In the lead-up to Argentina’s Dirty War, military governments turned to violence, coups, and outright bans on the opposition, then went on to kill more than 30,000 Argentinian     s. Milei appears sympathetic to Argentina’s decade of dictatorship, playing down the military’s atrocities as “excesses.” His vice president argues that both sides were to blame. Perhaps unsurprisingly, in response to the hundreds of thousands of Argentinian     s who have taken to the streets since his election, Milei’s reform package proposes that any “intentional and temporary congregation of three or more persons” be considered a demonstration and punishable by up to six years in prison. His security services are already cracking down on dissent.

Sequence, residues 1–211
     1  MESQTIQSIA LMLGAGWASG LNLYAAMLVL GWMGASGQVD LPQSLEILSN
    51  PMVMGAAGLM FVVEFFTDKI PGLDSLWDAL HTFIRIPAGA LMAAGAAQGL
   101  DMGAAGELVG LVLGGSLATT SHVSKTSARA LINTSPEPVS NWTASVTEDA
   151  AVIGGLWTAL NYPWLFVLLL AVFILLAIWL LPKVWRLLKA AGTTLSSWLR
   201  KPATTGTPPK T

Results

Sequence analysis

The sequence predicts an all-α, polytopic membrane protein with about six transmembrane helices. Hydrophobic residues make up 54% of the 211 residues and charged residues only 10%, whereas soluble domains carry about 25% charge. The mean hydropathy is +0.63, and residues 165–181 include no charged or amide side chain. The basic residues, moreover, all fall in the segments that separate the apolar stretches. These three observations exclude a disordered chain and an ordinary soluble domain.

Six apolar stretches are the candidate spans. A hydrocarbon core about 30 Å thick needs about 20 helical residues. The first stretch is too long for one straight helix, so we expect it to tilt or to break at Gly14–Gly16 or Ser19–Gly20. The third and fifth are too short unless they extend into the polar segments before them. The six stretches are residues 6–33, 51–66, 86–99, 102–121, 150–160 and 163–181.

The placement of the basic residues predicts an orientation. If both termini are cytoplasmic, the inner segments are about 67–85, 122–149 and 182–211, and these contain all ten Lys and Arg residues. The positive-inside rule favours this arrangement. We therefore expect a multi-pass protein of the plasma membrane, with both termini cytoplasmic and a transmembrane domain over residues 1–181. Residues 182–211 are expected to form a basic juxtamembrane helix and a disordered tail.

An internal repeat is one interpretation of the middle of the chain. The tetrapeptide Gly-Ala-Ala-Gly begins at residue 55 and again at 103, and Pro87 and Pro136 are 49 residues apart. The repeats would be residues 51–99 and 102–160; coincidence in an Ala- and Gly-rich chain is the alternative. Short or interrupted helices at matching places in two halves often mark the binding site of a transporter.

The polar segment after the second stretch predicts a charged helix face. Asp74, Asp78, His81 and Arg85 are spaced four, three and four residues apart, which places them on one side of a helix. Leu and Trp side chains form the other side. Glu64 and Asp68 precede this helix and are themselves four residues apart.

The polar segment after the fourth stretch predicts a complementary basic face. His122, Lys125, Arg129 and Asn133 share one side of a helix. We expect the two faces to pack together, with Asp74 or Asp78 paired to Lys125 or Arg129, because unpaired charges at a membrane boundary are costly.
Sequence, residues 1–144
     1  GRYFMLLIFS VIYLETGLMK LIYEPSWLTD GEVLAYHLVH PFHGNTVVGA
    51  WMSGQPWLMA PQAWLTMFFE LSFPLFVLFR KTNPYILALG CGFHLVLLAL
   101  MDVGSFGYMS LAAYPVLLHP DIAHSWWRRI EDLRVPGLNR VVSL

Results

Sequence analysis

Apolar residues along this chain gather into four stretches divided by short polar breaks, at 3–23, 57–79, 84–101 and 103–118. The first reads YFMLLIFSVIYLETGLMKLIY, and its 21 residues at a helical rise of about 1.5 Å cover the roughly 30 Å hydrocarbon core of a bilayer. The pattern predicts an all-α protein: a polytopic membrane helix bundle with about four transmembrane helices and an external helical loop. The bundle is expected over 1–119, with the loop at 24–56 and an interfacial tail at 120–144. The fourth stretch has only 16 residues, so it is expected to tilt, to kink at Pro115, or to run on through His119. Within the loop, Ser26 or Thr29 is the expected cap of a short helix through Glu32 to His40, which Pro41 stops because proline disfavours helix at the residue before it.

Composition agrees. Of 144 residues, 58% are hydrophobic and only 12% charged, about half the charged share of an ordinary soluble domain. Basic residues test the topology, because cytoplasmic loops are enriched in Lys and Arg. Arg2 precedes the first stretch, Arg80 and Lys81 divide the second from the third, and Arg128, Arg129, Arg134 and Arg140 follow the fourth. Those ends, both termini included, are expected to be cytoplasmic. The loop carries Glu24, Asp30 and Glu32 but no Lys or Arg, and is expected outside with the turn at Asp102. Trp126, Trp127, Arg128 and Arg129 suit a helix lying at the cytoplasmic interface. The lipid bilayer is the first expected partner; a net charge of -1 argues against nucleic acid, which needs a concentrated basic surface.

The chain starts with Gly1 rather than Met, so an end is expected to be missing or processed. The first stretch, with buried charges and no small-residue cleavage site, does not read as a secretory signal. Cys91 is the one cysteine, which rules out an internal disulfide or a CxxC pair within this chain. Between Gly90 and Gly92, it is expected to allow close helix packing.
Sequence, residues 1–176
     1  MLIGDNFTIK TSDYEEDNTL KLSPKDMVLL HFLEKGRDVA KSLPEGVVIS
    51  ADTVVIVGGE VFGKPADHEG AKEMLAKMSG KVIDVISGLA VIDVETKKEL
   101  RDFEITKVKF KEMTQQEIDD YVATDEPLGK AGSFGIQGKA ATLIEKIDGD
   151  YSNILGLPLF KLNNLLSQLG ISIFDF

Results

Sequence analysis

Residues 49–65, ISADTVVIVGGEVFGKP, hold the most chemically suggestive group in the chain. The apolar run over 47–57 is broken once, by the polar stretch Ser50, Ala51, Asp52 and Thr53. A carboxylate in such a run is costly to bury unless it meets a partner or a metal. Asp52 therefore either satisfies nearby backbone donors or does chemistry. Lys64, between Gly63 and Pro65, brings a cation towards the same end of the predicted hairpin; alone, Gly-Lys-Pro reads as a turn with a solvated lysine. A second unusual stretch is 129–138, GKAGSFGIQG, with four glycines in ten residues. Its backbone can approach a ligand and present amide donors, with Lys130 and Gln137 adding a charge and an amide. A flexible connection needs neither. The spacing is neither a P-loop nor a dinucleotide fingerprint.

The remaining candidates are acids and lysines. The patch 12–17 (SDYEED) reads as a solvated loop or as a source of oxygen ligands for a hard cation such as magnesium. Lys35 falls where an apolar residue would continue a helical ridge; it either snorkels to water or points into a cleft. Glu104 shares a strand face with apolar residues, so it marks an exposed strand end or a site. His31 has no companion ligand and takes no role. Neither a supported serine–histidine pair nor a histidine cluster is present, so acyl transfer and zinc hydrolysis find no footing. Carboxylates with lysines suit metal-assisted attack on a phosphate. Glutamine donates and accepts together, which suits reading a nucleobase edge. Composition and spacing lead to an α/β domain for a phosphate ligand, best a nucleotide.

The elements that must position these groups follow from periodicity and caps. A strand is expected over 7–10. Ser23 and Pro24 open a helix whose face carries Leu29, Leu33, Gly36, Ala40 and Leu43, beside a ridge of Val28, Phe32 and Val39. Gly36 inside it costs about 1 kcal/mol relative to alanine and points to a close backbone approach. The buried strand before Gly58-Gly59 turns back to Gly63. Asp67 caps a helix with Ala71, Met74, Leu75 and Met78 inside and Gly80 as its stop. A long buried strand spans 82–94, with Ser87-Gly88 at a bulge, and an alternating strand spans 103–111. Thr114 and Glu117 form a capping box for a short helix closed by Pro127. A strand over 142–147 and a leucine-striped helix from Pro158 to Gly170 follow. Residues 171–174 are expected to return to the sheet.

Milei may yet flirt with this darker period of Argentine history. But there may also be less of a need. Electoral systems are a democracy’s software, humming quietly in the background and rarely paid much mind. It’s for this reason that tinkering with them can be appealing: They operate on outcomes subtly. They can generate a helpful seat bonus that turns a minority win into a majority one, or give a party the power to gerrymander, or make it all but impossible for other parties to survive—all done lawfully and without much fanfare. Manipulated smartly, they offer a quieter path to more power.